Economists and Sociologists predict we will see more people living in smaller dwellings as the nation continues to trend toward urbanization, sustainable living, and cost savings. As fuel prices increase and more jobs move to cities, young professionals will likely choose to live close to work. As heating and air conditioning prices continue to rise, and public transportation continues to improve, small urban spaces make more economic sense. But as these young professionals start families, living small can be more complex. Urban planners are responding – with more downtown zoning for mixed use buildings and condo projects that have minimum requirements for “family” accommodations – such as 2-3 bedroom units. More focus is being placed on downtown walkability, safety, schools, child-friendly activities, and daycare options. These planners know a secret – when families live downtown, urban areas stay cleaner, more vibrant, and attract more business.
IT’S NOT EASY. BUT IT SURE AIN’T HARD.
Now, you might be saying, “Sure, it’s easy if you are young, and don’t have much stuff to begin with. But what about all of us who would have to significantly downsize? That sounds like a lot of work and pain!” And you’re right – it is a lot of work, and some if it is sad. But it’s also cleansing. You free up more than just your time and your pocketbook. You free your mind – to take on new challenges and explore new ideas, hobbies, and community involvement.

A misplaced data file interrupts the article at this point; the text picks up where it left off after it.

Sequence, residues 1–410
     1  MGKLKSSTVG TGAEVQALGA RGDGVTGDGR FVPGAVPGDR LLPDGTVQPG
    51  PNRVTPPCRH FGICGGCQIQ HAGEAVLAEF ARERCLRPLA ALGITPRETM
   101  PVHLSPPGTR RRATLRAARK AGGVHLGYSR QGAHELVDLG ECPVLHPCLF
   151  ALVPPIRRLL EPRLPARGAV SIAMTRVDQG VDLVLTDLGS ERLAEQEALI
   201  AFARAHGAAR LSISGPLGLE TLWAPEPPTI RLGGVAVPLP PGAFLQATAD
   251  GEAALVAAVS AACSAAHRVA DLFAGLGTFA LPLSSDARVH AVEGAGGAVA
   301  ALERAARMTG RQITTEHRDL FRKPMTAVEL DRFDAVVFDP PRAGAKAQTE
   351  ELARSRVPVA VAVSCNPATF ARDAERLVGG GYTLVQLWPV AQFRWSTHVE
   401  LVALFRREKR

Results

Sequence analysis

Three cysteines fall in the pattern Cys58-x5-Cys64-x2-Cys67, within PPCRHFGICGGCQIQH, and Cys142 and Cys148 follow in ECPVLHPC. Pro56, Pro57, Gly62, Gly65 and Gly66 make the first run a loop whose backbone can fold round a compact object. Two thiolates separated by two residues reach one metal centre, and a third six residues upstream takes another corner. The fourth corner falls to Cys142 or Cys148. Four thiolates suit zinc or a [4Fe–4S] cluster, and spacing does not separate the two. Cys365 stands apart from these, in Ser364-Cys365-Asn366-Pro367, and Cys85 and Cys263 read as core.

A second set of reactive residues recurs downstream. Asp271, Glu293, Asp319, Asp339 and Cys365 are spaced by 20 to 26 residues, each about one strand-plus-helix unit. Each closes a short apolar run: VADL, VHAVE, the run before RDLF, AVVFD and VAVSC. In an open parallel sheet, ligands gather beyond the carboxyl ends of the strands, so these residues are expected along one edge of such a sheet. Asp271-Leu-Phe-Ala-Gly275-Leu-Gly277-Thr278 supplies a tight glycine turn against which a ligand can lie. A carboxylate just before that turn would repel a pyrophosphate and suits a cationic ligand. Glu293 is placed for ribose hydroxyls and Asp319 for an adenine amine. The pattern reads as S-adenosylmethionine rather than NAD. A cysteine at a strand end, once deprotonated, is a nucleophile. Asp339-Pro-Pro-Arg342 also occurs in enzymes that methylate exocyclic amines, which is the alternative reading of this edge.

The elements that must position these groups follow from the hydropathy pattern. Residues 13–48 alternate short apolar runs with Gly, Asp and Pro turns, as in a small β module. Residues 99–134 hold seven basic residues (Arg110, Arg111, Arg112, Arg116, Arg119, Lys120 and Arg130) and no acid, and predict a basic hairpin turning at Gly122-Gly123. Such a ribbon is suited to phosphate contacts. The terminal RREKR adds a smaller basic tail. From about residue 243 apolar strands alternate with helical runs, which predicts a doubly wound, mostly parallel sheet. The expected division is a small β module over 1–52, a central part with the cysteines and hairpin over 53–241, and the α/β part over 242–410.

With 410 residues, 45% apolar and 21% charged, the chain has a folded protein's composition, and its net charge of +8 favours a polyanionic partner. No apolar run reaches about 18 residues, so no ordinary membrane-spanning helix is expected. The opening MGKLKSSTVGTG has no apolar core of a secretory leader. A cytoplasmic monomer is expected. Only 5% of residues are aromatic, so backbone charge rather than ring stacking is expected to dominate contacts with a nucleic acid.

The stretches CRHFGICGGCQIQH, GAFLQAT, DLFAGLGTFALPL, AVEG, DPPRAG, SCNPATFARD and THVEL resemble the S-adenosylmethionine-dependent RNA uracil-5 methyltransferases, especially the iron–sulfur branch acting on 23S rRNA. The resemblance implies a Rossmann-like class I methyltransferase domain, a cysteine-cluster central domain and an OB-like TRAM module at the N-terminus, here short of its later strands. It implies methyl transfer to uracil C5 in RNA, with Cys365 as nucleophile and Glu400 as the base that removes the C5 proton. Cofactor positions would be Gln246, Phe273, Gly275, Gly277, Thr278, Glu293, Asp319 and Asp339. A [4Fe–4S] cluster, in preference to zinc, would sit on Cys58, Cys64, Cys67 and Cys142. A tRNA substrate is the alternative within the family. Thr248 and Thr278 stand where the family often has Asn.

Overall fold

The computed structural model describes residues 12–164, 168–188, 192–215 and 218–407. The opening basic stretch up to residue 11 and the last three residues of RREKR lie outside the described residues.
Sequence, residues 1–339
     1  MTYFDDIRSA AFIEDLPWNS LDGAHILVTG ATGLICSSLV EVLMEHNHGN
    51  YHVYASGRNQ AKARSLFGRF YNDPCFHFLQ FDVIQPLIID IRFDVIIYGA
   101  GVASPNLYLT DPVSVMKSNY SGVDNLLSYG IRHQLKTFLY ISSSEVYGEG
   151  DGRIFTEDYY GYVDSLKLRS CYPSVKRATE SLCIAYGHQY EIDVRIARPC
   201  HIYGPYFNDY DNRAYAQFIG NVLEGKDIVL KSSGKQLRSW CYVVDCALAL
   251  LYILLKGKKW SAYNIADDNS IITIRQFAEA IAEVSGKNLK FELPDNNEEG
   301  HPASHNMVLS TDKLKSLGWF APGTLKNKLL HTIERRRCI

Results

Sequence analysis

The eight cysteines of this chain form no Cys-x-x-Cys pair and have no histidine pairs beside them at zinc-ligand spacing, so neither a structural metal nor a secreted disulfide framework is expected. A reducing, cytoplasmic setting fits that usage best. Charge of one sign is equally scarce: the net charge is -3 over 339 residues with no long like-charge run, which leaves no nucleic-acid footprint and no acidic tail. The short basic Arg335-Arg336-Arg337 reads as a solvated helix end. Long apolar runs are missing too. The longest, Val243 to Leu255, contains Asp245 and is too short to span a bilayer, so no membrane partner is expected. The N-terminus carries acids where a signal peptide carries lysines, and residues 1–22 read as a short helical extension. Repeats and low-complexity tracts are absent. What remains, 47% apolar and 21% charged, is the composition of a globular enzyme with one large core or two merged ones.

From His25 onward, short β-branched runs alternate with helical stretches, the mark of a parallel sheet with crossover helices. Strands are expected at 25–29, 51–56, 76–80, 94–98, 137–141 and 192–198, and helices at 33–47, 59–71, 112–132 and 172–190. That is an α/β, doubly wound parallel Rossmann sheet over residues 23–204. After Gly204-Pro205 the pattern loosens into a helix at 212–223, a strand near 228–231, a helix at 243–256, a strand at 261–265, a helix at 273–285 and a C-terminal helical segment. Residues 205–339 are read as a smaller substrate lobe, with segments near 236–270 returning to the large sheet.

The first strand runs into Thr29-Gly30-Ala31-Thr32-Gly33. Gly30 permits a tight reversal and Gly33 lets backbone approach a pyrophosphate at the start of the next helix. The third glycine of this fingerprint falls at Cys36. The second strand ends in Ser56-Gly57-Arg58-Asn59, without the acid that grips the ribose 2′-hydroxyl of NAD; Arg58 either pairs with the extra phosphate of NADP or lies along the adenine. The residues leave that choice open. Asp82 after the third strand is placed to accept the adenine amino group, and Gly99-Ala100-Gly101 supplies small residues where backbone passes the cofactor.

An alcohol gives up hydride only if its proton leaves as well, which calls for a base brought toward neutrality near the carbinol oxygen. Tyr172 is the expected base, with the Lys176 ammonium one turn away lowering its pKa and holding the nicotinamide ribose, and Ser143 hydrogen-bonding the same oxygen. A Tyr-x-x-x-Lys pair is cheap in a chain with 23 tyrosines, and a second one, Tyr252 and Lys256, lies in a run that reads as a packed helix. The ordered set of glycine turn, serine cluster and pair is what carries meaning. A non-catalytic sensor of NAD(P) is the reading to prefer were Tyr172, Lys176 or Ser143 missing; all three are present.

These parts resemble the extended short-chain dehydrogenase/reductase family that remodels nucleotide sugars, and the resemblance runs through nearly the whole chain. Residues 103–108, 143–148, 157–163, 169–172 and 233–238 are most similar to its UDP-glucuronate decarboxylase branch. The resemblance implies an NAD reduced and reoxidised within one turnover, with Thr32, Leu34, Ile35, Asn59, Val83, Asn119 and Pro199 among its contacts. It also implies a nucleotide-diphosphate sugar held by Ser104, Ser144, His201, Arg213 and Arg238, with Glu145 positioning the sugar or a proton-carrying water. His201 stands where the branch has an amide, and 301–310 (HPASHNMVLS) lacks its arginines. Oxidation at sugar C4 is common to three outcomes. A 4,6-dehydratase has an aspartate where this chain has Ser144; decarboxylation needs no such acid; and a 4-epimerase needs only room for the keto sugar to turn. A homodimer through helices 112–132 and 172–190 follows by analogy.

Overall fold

Fact: Unless you’re of the Downton Abbey crowd and have live-in staff, or an incredibly energetic and detail-oriented stay-at-home partner, your big house is limiting your Evolutionary potential. In our book Evolutionaries: Transformational Leadership, we explain that the best leaders of positive change are those who “cast their net wide” – explore, read, travel, try new things, meet new people, take classes, go on adventures, etc. But, it’s hard to cast your net wide when you are chained to your house. From the never-ending maintenance to the weekend yard work, to the hoards of family and friends that always want to come and stay with you because they know you have 8 extra beds and will cook meals for 20 on short notice. The cleaning, the heating, the painting, fixing the gutters, edging the lawn, hanging the holiday lights – it’s giving me PTSD just thinking about it…